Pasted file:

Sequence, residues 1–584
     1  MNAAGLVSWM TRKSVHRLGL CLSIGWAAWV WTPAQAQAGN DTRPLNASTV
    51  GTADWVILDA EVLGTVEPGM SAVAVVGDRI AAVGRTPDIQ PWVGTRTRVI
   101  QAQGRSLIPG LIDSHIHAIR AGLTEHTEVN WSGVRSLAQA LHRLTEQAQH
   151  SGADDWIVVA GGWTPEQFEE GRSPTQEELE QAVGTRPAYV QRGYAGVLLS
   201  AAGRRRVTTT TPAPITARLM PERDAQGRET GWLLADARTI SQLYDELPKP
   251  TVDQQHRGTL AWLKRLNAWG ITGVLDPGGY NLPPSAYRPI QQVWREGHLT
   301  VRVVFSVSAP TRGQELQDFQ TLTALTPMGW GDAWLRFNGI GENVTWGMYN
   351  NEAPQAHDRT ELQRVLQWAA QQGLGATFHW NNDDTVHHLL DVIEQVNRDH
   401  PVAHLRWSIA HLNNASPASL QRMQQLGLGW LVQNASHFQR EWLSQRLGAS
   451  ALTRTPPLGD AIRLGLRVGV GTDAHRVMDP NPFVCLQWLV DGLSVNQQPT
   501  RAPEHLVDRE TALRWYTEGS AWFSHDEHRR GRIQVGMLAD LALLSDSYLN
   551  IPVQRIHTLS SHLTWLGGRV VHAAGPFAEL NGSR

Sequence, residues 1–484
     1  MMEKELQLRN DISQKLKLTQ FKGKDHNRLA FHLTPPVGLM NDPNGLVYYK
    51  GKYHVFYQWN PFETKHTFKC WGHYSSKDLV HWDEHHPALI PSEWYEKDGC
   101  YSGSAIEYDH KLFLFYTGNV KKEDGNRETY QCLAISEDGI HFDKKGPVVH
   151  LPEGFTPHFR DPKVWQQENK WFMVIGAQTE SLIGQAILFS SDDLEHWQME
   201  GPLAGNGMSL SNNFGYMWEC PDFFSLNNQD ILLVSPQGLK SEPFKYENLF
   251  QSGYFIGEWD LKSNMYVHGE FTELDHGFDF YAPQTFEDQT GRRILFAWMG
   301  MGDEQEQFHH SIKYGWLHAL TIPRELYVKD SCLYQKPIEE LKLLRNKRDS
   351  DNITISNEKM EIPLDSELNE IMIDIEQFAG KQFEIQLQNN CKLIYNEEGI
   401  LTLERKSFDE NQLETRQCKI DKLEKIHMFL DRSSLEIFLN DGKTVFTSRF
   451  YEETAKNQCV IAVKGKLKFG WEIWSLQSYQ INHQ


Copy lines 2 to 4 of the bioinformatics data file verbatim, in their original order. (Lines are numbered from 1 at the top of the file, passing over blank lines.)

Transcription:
     1  MNAAGLVSWM TRKSVHRLGL CLSIGWAAWV WTPAQAQAGN DTRPLNASTV
    51  GTADWVILDA EVLGTVEPGM SAVAVVGDRI AAVGRTPDIQ PWVGTRTRVI
   101  QAQGRSLIPG LIDSHIHAIR AGLTEHTEVN WSGVRSLAQA LHRLTEQAQH